By Morgan Cook (’22)
An idea. That is all it takes to make a major difference in the world. Peeking into places and empathizing with people that have been neglected, acting upon your image of what is right and what is wrong…and that’s exactly what residents of a city in northern Canada are experiencing: the results of a phenomenal idea.
Over twelve retired veterans of Canada’s Armed Forces have had to house on the streets of Canada. However, no longer. “Homes for Heroes” is a village in Calgary where this country’s very first complex of housing has been installed, specifically and only for homeless veterans. They will enter their new homes as residents this weekend.
“Homes for Heroes” consists of fifteen homes that have internet access, cable, kitchens, and decks outside, all in perfect condition. However, there are more than just homes in this neighborhood. There are resources on-site that will help veterans with other aspects of their lives. The complex includes counseling, support for mentally unhealthy veterans, training for careers, management of cases, mentoring, and gardens shared by the community.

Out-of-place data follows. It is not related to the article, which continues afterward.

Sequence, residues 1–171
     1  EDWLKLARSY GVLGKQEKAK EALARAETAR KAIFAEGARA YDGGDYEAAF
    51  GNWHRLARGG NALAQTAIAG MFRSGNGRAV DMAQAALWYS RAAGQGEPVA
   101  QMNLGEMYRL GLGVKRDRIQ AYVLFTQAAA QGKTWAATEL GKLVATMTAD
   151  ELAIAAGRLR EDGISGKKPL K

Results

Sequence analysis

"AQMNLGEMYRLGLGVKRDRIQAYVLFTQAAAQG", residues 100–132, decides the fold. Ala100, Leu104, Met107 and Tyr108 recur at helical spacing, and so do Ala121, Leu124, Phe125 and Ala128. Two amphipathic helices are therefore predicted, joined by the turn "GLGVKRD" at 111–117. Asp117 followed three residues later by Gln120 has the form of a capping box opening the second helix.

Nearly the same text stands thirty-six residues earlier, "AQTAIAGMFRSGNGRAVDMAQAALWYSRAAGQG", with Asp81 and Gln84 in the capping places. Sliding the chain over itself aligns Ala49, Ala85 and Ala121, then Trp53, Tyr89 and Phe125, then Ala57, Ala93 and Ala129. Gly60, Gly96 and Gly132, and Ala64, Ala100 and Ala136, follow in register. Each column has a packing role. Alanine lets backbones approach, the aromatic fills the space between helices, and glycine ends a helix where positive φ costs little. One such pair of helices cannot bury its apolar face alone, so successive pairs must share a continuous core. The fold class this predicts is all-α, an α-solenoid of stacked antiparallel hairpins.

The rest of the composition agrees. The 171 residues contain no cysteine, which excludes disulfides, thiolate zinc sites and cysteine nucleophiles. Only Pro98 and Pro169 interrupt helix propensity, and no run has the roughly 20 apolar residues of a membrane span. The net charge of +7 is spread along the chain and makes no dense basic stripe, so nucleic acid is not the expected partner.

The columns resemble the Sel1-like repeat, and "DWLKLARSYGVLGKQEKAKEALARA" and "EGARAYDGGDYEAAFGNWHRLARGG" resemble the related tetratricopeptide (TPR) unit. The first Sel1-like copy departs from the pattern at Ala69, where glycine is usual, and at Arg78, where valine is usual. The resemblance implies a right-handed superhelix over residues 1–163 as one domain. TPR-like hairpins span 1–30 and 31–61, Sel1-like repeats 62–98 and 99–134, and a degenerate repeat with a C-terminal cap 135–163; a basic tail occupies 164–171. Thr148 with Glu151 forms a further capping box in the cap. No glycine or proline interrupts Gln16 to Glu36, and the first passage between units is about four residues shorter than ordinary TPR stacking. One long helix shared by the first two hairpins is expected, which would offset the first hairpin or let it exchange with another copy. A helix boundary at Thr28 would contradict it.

President of the Homes for Heroes Foundation as well as the co-founder David Howard made clear that “We wanted to build a program that can help them with a successful transition to civilian life. Our veterans are proud warriors, proud of their service, and proud to be citizens of Canada. They want a hand-up, not a hand-out. We listened to what they had to say, and we designed our foundation around meeting their needs.” The members of the foundation have been introduced and gotten to know hundreds of veterans going through an extremely difficult point in all of their lives, dealing with homelessness in crisis.
Put together by a global provider of solutions to transportation, housing, energy, and infrastructure by donation (ATCO), this neighborhood will be an excellent addition to the Calgary community…and it probably will not be the first. The foundation that put it into place has agreements on land for even more villages, stretching to Ontario and Edmonton. Their goal is to help in the global struggle to end homelessness in the veteran community, to be of service to the ones who have served.